Severe Morning Sickness: What it is

It is normal for pregnant women in the first trimester to experience nausea and vomiting. This is what is commonly referred to as morning sickness. Severe morning sickness is where nausea and vomiting are so severe that the woman becomes dehydrated and loses weight.

Although almost all pregnant women experience one form of morning sickness or another, severe morning sickness is a relatively rare condition. It is believed that if the women who receive treatment at home reported their cases, the number of reported cases of severe morning sickness would actually be higher.

In most cases, severe morning sickness occurs in women having their first pregnancy. Women who have the condition during their first pregnancy are more likely to have it in later pregnancies.

Severe Morning Sickness Timeline

Severe morning sickness has a pattern that is almost similar to that of normal morning sickness. However, it begins in the earlier stages of the pregnancy, between the 4th and 5th weeks and extends longer into the pregnancy. Relief arrives at around the 14th to the 20th week. In some cases, the condition continues throughout the pregnancy.

Causes of Severe Morning Sickness

Although the specific cause of this condition is still unknown, it is believed that a spike in the hormone levels could be the cause of extreme nausea. The quantities can even rise further as the pregnancy progresses.

It is also believed that there might be a hereditary aspect to severe morning sickness since it is quite common for it to occur between close relatives, for example, mothers and sisters.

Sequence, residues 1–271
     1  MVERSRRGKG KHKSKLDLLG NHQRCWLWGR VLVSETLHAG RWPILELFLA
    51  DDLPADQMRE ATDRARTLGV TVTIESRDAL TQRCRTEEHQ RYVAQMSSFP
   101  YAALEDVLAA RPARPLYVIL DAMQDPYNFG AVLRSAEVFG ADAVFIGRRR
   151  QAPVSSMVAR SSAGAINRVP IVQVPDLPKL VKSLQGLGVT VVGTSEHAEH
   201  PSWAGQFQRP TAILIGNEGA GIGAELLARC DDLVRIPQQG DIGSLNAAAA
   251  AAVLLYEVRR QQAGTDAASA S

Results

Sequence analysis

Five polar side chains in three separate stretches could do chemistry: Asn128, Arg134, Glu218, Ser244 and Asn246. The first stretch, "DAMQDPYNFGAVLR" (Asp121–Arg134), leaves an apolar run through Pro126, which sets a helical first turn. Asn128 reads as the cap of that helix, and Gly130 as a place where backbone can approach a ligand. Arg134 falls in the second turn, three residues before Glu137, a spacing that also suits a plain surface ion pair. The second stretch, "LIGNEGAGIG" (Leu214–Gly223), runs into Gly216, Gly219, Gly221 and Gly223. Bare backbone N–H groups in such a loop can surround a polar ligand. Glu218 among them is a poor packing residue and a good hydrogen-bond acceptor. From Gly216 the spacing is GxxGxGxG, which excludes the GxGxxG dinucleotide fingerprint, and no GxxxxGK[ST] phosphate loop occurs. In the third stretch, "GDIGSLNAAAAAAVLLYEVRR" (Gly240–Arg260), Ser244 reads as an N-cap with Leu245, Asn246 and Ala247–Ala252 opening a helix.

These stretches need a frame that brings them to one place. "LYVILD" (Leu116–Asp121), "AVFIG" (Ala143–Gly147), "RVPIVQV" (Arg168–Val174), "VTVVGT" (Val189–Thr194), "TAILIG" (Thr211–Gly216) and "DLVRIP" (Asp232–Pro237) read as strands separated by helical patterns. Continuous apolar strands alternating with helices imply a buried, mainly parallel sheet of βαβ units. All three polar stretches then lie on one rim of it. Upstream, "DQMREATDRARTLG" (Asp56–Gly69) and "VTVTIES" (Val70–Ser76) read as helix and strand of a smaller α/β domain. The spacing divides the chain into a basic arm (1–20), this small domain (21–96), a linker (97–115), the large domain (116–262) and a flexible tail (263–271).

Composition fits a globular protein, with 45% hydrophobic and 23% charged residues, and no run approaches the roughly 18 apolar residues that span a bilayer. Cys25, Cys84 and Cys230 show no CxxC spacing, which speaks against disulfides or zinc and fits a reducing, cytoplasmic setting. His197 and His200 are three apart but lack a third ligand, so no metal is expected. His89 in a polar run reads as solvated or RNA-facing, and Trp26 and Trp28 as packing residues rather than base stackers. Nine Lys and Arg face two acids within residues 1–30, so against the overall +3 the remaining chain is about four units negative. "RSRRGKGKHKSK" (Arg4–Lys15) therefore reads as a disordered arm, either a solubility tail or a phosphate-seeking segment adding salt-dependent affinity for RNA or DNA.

There are other factors that can increase a woman’s predisposition to extreme nausea. These include a history of migraines with nausea, carrying twins or more, obesity where the BMI is 30 and above, first-time mothers and previous cases of motion sickness.

Severe Morning Sickness Symptoms

Most women with this condition will show the following symptoms:

(1)Loss of weight as a result of persistent vomiting

(2)Loss of appetite

(3)Dehydration as a result of nausea and vomiting

(4)Feeling dizzy or light-headed

(5)Vomiting over three times every day 

(6)Feeling almost non-stop nausea

(7)Inability to perform daily chores.

Since there is no known absolute cure for severe morning sickness, the best ways to manage it is by managing the symptoms. At the same time, medication is never ideal during pregnancy. Any risks associated with any treatment should be discussed with the doctor. 

Diagnosing Extreme Nausea

The doctor begins by running through your symptoms and medical history. In most cases, a standard physical examination is enough to diagnose the condition. The most common signs that the doctor checks are fast pulse are low blood pressure. Dehydration is confirmed by testing blood or urine samples.

Treatment Options For Severe Morning Sickness

In severe cases of morning sickness, maternal dehydration is always the biggest concern.

Your symptoms and how severe they are will determine how you are treated. Nausea prevention solutions such as ginger or vitamin B-6 are some of the things that may be recommended by your doctor.

For proper nourishment, make your meals smaller but more frequent. Dry foods are the best. Drinking plenty of fluids is also crucial for constant hydration. At the same time, avoid fatty and spicy foods. 

There may be a case for hospitalization when the symptoms are too severe. Too much nausea or vomiting may lead to foods and fluids to have to be taken intravenously. In cases where vomiting is a threat to the mother or the baby, medication will be necessary. 

In cases where you feel anxiety or depression, talking to a therapy is a great way to help you cope with those feelings.

A Silver Lining

While severe morning sickness is extremely disconcerting during pregnancy, its symptoms generally disappear after birth. There are many support groups that help people deal with the different consequences of this condition. Always make sure that you articulate your progress and feelings to your support system and your doctor.